The irony is that Americans who comprehend that the BLM movement is counterproductive must embrace MLK’s teachings against hate in response to BLM’s violence. That irony is not just that white people must embrace Civil Rights era tactics to defend themselves against false allegations of racism. The greater irony is that those (mostly white) people who have declared themselves the champions of black liberation in 2020 aren’t “woke” to the simple truths of MLK and Gandhi — you don’t change people’s hearts by screaming at them, killing them, or silencing their opinions.
In truth it would be unfair to tie today’s BLM with Malcolm X, for he also would object to this extremism. Malcolm X only advocated for violence in self-defense, and he did not label “inaction” as a violence requiring counterattack. He taught that “… it is criminal to teach a man not to defend himself when he is the constant victim of brutal attacks.” By the same token, it is criminal to teach black and white Americans not to defend themselves against the criminal anarchy that BLM and Antifa have now demonstrated themselves to be.
It is not “defending oneself” to physically assault people who wear a “MAGA” hat, display a confederate flag, or wear a shirt one deems offensive. As Malcolm X stated in a speech in November 1963:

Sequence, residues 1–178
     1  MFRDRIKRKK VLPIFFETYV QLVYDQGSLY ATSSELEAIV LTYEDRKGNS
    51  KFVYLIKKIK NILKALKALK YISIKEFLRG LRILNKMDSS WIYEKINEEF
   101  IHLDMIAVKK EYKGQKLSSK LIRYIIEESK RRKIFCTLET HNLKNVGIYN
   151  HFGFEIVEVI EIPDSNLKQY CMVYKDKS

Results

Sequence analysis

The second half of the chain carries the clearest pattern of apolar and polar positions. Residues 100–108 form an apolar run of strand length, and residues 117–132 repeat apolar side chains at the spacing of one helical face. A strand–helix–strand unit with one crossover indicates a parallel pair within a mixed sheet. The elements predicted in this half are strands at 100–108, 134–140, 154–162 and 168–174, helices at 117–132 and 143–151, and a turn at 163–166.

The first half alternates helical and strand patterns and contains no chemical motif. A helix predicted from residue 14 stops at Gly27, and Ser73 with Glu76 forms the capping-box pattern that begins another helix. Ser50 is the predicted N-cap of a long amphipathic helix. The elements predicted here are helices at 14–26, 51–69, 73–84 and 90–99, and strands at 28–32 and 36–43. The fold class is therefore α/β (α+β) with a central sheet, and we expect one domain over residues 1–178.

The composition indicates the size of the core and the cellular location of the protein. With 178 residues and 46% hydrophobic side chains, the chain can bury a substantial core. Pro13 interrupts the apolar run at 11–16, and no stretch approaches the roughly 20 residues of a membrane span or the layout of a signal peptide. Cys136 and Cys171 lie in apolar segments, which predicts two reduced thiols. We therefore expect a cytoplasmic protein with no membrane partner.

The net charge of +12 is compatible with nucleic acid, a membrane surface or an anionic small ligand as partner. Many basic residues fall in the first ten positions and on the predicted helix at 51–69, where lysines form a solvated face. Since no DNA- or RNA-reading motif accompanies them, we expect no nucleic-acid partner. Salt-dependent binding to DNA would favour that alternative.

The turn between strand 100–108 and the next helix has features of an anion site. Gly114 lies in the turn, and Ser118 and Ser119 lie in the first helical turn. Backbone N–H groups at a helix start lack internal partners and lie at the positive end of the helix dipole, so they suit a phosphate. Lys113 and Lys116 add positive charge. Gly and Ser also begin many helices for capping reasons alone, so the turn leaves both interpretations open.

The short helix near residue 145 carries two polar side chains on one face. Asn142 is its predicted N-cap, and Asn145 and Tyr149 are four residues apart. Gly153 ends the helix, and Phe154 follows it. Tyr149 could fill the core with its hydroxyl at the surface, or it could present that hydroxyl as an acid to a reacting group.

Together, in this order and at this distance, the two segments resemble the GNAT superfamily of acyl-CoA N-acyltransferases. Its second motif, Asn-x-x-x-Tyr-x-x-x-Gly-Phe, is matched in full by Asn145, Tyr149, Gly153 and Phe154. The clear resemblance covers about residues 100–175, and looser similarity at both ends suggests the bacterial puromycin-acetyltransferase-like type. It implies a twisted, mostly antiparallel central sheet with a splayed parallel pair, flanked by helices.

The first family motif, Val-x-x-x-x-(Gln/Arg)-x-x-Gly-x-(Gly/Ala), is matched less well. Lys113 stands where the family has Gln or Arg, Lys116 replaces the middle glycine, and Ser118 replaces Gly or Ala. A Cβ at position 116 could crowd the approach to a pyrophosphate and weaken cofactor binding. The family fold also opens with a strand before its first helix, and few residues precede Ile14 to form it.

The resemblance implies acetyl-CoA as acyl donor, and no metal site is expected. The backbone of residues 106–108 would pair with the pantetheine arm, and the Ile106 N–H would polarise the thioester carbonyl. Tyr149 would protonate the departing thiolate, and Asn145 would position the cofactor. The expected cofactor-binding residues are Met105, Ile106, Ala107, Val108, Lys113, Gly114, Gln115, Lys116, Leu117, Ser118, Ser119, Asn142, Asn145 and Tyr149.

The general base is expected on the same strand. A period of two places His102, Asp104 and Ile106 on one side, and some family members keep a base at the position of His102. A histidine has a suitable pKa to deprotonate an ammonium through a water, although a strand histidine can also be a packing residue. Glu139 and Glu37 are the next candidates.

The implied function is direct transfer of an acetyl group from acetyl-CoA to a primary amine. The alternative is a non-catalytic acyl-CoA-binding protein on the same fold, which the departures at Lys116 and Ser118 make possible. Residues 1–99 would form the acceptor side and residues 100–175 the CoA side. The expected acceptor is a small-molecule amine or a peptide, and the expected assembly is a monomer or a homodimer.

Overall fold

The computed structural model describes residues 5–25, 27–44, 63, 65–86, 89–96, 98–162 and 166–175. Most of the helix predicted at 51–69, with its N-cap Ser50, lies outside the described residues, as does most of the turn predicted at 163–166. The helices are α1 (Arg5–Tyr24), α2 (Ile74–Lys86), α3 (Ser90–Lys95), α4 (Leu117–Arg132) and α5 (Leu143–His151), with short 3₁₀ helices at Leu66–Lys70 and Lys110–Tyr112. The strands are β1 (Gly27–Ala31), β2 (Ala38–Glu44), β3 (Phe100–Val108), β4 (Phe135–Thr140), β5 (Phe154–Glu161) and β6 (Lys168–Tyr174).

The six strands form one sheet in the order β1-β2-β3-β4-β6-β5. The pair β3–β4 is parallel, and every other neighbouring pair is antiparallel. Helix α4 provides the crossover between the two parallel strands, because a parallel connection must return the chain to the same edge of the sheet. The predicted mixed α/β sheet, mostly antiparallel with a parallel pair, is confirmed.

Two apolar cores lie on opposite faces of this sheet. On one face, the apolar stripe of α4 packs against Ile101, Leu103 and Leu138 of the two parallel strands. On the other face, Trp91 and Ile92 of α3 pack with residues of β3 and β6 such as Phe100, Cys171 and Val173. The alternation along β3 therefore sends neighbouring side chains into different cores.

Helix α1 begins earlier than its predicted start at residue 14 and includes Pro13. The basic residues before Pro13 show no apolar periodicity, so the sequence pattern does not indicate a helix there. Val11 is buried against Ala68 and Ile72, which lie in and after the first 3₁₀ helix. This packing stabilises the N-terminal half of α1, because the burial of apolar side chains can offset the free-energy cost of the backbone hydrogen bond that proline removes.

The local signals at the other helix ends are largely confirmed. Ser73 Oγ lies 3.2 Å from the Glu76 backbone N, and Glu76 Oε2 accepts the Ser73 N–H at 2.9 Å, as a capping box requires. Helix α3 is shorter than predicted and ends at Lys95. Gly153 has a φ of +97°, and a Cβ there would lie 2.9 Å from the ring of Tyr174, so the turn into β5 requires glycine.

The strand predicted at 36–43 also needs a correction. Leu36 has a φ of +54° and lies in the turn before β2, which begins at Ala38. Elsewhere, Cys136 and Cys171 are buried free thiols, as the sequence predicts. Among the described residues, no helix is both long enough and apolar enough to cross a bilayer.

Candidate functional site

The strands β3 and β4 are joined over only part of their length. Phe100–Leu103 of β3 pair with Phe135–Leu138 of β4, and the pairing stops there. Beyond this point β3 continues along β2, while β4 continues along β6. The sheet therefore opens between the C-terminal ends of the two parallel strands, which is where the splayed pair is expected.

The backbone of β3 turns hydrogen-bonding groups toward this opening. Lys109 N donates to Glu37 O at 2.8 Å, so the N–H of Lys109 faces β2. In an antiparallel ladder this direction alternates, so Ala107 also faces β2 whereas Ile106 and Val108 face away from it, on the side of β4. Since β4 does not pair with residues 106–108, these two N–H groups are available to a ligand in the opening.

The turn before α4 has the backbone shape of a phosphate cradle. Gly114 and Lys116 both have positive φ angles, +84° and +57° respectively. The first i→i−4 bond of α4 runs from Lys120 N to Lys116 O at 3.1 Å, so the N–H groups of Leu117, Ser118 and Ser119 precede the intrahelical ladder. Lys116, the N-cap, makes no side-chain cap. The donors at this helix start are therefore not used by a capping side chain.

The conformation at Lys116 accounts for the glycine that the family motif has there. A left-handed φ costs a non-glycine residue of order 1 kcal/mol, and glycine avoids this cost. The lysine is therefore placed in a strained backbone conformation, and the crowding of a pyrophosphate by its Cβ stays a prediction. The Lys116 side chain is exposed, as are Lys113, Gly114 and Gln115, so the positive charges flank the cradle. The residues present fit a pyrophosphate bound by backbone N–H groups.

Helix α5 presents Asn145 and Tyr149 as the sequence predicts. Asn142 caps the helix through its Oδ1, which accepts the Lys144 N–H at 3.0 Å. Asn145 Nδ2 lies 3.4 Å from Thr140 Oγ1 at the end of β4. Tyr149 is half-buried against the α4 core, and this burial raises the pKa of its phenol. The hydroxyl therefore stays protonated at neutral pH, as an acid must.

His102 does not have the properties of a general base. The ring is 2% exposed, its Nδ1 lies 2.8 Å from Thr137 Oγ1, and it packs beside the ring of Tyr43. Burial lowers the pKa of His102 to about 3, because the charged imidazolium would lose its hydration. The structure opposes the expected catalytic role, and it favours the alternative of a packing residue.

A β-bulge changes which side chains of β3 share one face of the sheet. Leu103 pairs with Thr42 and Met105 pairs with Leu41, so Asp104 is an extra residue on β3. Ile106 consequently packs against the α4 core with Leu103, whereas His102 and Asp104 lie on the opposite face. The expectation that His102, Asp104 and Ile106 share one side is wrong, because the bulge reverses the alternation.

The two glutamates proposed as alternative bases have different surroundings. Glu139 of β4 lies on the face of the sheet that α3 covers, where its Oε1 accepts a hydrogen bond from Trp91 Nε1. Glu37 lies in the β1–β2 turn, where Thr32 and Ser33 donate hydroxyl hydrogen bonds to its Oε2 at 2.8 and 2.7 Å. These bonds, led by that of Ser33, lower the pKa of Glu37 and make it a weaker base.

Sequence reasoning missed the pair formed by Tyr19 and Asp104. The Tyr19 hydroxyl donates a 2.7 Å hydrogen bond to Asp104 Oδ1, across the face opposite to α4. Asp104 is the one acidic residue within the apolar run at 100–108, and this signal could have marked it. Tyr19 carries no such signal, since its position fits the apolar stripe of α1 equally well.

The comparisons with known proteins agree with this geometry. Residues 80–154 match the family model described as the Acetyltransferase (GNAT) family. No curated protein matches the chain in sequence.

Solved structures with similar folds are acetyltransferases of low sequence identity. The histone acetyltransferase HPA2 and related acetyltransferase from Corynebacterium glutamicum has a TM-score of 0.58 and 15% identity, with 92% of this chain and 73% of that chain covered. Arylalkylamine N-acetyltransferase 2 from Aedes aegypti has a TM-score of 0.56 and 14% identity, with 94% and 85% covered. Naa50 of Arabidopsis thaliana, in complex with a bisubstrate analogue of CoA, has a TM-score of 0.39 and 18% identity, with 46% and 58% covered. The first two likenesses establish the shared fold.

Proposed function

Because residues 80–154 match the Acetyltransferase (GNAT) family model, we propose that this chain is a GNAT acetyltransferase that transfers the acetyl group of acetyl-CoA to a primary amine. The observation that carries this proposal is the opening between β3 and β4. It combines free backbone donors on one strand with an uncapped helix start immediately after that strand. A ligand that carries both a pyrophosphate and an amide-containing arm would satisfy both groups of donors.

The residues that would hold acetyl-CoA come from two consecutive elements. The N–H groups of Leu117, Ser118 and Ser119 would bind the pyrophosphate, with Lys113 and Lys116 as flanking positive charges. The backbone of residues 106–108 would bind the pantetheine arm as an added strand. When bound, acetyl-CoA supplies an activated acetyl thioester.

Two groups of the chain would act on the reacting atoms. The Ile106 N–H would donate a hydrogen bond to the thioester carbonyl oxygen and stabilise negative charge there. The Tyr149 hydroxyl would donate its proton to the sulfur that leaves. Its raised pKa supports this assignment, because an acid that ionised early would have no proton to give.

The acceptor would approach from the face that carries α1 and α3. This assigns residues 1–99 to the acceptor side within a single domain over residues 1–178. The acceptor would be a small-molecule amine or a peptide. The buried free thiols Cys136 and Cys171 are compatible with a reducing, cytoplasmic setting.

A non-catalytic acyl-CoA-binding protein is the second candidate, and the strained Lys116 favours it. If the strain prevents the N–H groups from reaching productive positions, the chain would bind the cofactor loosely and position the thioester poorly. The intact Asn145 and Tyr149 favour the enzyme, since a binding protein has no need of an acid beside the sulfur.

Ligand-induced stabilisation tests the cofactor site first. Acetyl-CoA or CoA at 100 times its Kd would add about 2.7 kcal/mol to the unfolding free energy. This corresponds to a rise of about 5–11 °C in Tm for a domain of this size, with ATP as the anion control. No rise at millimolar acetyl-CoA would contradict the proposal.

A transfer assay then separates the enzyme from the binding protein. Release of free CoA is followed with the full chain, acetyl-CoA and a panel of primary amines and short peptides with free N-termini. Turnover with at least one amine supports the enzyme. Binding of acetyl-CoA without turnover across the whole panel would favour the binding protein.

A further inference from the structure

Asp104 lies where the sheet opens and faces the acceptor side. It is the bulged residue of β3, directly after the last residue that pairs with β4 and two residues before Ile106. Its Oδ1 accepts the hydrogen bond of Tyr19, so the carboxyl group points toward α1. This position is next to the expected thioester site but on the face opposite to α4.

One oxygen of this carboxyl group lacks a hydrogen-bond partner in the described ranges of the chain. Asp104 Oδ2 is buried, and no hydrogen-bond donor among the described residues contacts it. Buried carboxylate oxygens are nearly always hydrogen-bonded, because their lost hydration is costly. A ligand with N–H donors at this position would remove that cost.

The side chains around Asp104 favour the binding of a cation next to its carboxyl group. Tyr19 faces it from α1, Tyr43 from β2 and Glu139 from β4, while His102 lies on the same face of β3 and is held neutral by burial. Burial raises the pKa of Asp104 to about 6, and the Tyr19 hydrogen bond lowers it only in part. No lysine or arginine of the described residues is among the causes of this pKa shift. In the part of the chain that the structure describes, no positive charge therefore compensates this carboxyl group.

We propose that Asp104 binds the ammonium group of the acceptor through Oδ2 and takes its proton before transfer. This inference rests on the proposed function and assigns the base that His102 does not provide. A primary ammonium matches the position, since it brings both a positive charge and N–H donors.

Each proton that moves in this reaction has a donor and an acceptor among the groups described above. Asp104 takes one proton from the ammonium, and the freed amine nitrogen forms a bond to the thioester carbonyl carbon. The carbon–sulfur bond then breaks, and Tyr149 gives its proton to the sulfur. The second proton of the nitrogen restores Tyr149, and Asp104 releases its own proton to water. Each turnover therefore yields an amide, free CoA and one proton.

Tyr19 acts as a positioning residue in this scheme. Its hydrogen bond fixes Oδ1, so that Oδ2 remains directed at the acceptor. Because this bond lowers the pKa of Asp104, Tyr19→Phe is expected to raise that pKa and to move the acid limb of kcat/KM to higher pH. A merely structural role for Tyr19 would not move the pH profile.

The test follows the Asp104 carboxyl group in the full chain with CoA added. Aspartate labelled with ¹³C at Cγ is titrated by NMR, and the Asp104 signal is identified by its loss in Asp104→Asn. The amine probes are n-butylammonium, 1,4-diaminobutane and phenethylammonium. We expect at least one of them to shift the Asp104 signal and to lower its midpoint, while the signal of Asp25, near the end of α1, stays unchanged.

There is nothing in our book, the Koran, that teaches us to suffer peacefully. Our religion teaches us to be intelligent. Be peaceful, be courteous, obey the law, respect everyone; but if someone puts a hand on you, send him to the cemetery. That’s a good religion.
That is sound counsel, and if BLM protesters put a hand on anybody, Malcolm X tells us where they should be sent. But this is violence in self-defense: BLM is agitating for violence AGAINST people and property across the country — in the name of, but directly opposed to, liberty and justice. MLK’s wisdom is vindicated in 2020, as American cities are destroyed:
The ultimate weakness of violence is that it is a descending spiral, begetting the very thing it seeks to destroy. Instead of diminishing evil, it multiplies it. Through violence you may murder the liar, but you cannot murder the lie, nor establish the truth. Through violence you murder the hater, but you do not murder hate. In fact, violence merely increases hate…Returning violence for violence multiplies violence, adding deeper darkness to a night already devoid of stars. Darkness cannot drive out darkness; only light can do that. Hate cannot drive out hate; only love can do that.
Many in the left-wing BLM movement call to dismantle the First Amendment and U.S. Constitution: they advocate chaos in their stead. They have cast off from King and X, and offer only conflict: peace or reconciliation are not even stated goals. The stated goal is to “tear down,” not build up.
America is being torn apart. It is terrifying to see violence and hate so dominate our headlines. Yet, we can take comfort in the truths taught by both Martin Luther King and Malcolm X — this violence will fail. Positive change will only arrive through respect and reconciliation: never through violence and intimidation.
John Klar is an attorney and farmer residing in Brookfield, and the former pastor of the First Congregational Church of Westfield.